London. Friday, March 13 – Today is Red Nose Day, marking the culmination of Comic Relief’s Operation Health project in Uganda. The project, which began nine weeks ago, saw the reconstruction and renovation of a dilapidated health centre in Iyolwa, Tororo district.
Malaria Consortium has been working in partnership with Comic Relief on the project, providing local level expertise and support for the refurbishment of Iyolwa Health Centre III. As a result of our familiarity with the region through our other work, including ongoing Comic Relief-funded projects, we have provided an essential link with the community. Thanks to this latest Comic Relief project, the health centre is now virtually a new building that has been fully furnished with new equipment.
Operation Health has not only improved services at an individual health centre, but it has also strengthened the referral-based health system and has shone a spotlight on the challenges faced by rural communities who have limited access to healthcare. Red Nose Day is a biennial event around which Comic Relief, with the support of the BBC, brings attention to these issues among the UK public and raises funds for other Comic Relief projects.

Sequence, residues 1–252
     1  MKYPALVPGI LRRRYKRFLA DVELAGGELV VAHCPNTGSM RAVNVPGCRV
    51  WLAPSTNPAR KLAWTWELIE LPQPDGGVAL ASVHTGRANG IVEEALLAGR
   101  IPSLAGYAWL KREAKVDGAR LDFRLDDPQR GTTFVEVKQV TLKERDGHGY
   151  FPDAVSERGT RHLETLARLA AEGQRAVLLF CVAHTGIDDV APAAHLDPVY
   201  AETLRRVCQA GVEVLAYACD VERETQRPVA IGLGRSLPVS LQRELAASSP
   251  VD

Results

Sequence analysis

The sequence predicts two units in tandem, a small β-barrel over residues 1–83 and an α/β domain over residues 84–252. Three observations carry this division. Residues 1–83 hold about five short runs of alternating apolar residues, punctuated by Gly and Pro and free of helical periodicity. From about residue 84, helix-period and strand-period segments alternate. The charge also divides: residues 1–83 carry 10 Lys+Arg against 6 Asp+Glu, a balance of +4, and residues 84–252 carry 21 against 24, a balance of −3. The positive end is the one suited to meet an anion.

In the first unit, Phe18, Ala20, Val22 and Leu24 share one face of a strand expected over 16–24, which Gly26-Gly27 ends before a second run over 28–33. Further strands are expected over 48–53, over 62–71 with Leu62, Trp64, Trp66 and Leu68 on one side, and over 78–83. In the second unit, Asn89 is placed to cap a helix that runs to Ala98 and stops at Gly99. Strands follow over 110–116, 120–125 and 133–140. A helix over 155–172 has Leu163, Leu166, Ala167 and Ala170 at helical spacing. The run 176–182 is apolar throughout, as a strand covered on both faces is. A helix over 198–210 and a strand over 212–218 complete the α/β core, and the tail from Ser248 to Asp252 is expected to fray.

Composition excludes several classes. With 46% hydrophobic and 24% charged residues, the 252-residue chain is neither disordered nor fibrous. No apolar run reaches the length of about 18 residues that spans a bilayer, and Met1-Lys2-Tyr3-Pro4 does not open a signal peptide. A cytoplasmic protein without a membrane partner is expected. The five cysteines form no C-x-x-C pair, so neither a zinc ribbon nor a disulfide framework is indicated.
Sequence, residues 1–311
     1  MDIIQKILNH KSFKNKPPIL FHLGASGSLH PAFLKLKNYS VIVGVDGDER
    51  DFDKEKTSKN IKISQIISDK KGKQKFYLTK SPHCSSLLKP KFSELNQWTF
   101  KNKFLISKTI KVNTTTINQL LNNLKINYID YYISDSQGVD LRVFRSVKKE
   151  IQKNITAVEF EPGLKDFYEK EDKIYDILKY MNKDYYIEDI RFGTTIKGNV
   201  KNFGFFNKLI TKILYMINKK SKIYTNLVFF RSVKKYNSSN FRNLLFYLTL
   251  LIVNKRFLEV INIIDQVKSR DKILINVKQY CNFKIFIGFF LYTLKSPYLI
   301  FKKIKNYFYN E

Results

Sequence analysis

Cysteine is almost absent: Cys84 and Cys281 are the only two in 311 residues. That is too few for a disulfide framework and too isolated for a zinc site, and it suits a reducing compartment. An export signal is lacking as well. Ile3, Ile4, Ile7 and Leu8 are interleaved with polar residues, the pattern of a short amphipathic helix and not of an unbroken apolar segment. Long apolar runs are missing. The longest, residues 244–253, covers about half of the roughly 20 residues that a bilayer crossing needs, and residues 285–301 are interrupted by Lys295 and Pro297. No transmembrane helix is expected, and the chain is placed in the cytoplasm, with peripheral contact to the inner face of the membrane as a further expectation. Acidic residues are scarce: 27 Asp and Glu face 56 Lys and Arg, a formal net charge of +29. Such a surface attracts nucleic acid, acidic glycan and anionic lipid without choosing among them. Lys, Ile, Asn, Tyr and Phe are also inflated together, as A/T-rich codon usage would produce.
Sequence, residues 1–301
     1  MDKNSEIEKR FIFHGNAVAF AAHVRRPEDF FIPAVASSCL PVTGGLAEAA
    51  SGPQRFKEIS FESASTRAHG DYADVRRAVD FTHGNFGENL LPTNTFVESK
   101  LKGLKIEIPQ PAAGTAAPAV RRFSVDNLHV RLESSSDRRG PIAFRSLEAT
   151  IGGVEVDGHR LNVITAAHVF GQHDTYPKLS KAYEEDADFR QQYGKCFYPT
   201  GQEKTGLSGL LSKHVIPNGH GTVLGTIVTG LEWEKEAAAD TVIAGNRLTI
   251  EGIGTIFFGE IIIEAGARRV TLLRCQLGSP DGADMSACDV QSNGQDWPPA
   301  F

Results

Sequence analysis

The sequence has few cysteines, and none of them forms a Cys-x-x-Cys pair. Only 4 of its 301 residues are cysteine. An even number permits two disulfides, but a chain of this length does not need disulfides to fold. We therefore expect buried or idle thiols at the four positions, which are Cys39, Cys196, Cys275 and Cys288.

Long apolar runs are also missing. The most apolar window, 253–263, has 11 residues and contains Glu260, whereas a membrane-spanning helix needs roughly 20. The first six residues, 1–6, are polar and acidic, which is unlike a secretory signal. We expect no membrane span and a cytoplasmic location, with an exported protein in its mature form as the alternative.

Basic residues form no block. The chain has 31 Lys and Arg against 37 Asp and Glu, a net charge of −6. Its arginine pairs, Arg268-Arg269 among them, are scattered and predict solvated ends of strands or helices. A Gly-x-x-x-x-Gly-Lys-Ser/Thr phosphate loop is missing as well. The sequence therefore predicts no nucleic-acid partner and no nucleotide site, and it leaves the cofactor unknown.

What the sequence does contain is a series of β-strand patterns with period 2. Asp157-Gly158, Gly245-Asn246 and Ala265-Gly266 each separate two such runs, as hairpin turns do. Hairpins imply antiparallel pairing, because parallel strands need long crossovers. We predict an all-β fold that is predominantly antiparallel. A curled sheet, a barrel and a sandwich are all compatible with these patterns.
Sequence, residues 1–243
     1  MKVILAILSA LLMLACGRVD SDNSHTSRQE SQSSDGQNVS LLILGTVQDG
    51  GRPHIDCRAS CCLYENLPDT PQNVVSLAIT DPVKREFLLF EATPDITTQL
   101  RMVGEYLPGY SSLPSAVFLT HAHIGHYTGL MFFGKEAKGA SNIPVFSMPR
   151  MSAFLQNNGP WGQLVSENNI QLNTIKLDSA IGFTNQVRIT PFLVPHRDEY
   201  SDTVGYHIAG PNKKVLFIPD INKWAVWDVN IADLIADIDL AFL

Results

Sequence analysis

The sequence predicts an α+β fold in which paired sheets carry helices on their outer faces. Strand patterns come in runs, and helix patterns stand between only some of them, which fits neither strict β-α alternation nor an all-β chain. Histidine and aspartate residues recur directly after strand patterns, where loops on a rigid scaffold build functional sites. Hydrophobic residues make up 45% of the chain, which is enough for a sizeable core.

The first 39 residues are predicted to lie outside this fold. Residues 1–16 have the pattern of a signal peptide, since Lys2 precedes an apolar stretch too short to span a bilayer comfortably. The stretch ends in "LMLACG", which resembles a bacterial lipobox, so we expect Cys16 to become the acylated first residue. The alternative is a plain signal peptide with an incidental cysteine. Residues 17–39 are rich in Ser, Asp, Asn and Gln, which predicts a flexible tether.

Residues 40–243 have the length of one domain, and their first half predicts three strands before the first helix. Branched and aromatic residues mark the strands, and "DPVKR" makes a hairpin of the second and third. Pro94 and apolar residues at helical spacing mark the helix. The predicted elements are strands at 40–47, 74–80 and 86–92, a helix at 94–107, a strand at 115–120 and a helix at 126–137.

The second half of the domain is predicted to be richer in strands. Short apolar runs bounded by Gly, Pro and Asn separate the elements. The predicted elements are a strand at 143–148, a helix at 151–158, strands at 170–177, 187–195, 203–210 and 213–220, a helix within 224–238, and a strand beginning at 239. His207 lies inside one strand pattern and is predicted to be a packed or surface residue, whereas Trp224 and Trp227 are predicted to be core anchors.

Following the end of the project, we hope to continue our work in the area and with Comic Relief to ensure that the health centre continues to function properly. “Building a health facility and equipping it is not an end in itself,” said Godfrey Magumba, Malaria Consortium Uganda Country Director. “Comic Relief’s Operation Health has achieved something very special for the community in Iyolwa. Now we need to ensure that the health workers continue to receive support, supervision and training, and the community continues to be engaged and involved so that the health centre remains a sustainable facility that meets the community’s needs.”
Operation Health isn’t the first time Comic Relief and Malaria Consortium have teamed up in Uganda. Malaria Consortium’s five year Pioneer Project, funded by Comic Relief, developed a multi-pronged approach to reduce malaria-related illnesses and deaths across western Uganda. You can read more about it here.